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Proving the Value of City Data – The Man from Government’s View Proving the Value of City Data – The Man from Government’s View

A major part of my City Hall role is to promote the London Datastore, so you may be surprised that my opening statement is that we still have distance to travel before we fully prove the value of city data.

This is not to say that we do not do great things.  Transport for London’s record of using data to improve city mobility is well established.  The current trial of a direction giving app to help visually impaired people navigate the tube network is proof of this.  Nor is the London Datastore a dusty data sinecure.  The 35,000 unique visits per month indicate we are doing something right.

Guest Blog by;

Andrew Collinge

Assistant Director of the Greater London Authority

 

Proving the Value of City Data – The Man from Government’s View

A major part of my City Hall role is to promote the London Datastore, so you may be surprised that my opening statement is that we still have distance to travel before we fully prove the value of city data.

This is not to say that we do not do great things.  Transport for London’s record of using data to improve city mobility is well established.  The current trial of a direction giving app to help visually impaired people navigate the tube network is proof of this.  Nor is the London Datastore a dusty data sinecure.  The 35,000 unique visits per month indicate we are doing something right.

My point really is this: the potential to prove the value of data is only now becoming real; we do so by acting across all of culture, policy, technology and organisation.

Most importantly, in this period when so much policy is aimed at ‘the city’, we need to instil a new ‘city data’ mindset.  The London 2050 Infrastructure Plan makes the case for the modern, connected and digitised infrastructure required for London.  Underneath the necessary co-ordination across utilities, developers, the public and private sector, has to sit a mature approach to data sharing.  In vital areas like energy, enlightened minds in organisations like UK Power Networks are coming forward with huge tracts of data which we will use to answer questions around city energy management and consumer value.  Suddenly, ‘open data’ seems too narrow a pursuit; a thing of government only.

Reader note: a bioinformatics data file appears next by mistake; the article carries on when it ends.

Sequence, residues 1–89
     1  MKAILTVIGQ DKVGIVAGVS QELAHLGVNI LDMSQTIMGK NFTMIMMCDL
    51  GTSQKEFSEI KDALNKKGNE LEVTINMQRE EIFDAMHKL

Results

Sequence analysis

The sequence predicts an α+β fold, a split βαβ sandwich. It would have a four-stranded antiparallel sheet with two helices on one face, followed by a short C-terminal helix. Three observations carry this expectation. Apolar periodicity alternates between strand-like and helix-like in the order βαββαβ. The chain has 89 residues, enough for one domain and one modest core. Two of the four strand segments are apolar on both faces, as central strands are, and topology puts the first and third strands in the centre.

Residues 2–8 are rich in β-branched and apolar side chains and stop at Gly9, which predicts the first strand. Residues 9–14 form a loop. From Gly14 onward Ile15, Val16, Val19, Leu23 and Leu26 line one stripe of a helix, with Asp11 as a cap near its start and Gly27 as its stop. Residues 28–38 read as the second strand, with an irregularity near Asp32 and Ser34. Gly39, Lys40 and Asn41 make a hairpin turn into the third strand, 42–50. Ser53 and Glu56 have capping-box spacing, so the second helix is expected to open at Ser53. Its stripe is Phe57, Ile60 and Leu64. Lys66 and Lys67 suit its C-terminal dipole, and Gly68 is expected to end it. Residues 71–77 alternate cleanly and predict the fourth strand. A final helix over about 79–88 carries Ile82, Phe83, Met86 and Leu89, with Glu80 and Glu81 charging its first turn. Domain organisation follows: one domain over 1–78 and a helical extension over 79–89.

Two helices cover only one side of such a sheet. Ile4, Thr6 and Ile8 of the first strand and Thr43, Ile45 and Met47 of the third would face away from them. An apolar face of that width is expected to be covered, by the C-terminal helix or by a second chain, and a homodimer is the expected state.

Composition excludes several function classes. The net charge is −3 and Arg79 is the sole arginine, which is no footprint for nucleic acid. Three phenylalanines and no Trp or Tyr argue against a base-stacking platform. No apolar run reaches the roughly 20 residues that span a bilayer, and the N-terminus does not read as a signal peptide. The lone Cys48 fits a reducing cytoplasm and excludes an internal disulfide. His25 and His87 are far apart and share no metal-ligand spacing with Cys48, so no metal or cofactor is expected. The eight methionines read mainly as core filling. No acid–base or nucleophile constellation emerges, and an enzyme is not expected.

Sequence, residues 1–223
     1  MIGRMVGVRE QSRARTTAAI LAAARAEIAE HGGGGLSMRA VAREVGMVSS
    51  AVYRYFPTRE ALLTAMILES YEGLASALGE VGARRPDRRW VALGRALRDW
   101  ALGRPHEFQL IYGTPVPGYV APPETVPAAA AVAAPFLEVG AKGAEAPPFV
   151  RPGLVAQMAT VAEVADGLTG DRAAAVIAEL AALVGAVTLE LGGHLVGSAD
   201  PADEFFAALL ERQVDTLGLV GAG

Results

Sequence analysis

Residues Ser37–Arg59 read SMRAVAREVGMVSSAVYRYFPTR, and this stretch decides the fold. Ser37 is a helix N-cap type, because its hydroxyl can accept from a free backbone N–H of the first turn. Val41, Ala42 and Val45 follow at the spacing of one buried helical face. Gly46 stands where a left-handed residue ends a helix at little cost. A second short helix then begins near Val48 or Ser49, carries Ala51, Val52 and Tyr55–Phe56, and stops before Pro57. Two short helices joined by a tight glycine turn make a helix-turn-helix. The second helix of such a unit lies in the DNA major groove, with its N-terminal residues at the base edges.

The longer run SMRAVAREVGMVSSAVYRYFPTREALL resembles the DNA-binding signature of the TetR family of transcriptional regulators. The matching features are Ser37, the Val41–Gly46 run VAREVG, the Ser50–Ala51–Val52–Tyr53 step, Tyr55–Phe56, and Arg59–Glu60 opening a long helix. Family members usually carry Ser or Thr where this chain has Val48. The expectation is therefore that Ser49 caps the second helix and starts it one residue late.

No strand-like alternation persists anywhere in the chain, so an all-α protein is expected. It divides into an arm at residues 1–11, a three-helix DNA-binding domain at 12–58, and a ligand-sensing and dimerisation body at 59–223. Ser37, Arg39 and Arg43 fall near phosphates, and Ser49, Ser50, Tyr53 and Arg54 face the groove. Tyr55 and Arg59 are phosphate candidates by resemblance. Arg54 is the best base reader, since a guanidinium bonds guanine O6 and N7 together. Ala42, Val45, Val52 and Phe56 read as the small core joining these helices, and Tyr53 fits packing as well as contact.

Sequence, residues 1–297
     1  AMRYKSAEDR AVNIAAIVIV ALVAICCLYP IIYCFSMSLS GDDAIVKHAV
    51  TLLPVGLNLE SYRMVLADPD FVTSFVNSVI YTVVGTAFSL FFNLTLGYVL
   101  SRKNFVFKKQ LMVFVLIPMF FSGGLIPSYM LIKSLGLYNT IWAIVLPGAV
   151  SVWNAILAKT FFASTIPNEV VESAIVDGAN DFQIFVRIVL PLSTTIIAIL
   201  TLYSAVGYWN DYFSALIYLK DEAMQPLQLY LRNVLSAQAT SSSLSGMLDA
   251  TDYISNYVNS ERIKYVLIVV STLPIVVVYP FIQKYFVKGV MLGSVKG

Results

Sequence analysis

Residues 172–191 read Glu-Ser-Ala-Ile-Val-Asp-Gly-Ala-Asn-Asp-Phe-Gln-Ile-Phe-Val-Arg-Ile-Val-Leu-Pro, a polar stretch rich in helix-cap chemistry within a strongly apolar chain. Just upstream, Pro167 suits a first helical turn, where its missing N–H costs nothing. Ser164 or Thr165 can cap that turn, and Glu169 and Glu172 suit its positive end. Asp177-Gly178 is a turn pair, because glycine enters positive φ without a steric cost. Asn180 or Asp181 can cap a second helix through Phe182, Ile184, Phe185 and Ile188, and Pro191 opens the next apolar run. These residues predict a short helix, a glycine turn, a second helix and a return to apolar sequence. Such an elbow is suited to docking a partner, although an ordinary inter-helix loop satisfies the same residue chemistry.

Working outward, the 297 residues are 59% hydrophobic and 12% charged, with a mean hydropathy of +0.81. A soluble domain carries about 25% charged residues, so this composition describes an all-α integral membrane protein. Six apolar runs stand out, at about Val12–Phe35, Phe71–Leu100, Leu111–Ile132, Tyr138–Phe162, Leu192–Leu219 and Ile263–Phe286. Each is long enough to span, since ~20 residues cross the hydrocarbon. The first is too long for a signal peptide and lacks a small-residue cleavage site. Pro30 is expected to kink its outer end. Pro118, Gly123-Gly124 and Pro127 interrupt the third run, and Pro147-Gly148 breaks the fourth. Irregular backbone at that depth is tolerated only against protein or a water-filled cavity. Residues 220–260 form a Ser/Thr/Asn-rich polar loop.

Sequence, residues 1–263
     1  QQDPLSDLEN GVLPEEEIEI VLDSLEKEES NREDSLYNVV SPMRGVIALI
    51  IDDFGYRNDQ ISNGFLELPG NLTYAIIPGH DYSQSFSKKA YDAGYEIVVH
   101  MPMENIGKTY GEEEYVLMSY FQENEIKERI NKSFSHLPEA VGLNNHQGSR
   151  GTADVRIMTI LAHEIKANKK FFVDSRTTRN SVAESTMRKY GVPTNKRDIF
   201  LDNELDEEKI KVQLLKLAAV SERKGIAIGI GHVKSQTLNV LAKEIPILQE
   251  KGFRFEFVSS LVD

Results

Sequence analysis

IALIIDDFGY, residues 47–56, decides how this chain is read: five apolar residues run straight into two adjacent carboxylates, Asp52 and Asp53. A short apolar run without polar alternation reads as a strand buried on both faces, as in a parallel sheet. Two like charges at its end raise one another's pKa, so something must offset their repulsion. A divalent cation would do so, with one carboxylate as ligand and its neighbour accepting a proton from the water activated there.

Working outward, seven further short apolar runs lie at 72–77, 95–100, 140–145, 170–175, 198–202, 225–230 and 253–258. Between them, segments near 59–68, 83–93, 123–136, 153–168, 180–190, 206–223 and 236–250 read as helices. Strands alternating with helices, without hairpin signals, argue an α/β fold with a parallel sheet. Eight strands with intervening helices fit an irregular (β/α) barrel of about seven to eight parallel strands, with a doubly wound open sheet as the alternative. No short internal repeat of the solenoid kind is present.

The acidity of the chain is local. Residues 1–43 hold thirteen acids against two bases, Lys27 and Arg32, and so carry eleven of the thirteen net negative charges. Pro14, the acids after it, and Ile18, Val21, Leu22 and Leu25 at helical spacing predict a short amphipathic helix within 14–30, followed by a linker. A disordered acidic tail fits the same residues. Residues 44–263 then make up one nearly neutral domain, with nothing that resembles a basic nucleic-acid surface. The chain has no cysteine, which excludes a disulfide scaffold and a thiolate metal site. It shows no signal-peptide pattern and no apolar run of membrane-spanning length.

City government needs to force the pace on the regulation and legislation required to grow the data aspects of the smart cities market.  From utilities exercised by competition issues thrown up by the prospect of data sharing, to building trust around the sharing of personal data in areas like health, barriers to value creation need to be removed.

From a technical perspective, city government must support the open standards which will make meaningful data integration possible.  This will enable the interoperability of city infrastructure and utilities, which will in turn provide the platform for the new and truly exciting set of smart city services which can transform the way we live, work and travel in urban settings.  In anticipation of the move from near real-time to proper Internet of Things datastreams, we have placed a Hypercat wrapper around London Datastore.

Then of course, we need to very deliberately engage with the city data ecosystem which has developed so dramatically since the London Datastore’s original launch in 2010.  Yes, the Borough Data Partnership and forthcoming City Data Challenges to spur data-led innovation are valuable pursuits, but the astounding diversity of talented players on the pitch mean that more is required.

This premier league team of innovators – from data experts, to urban designers, behavioural scientists and city planners – needs to be asked more systematically what it can do with city data.  Setting out the early value case for data release in this way increases the chances of first, its release from parties often working to a different set of incentives than Government’s own and second, the proper exploitation of it.  This rather than simply following an open data publishing agenda focussed on quantity (and sometimes redundant datasets), rather than quality.

Nothing should be off limits in terms of exploration.  The only constraining factor should be that we know when to put the lid on the technology and data side of the discussion and always keep a keen eye trained on the end goal.  Simply put, this is to make practical and noticeable improvements to the lives of city dwellers as they live, work and travel and play.  Here lies much-needed political attention.

I have no doubt about the tremendous value of city data.  Let’s set about proving it.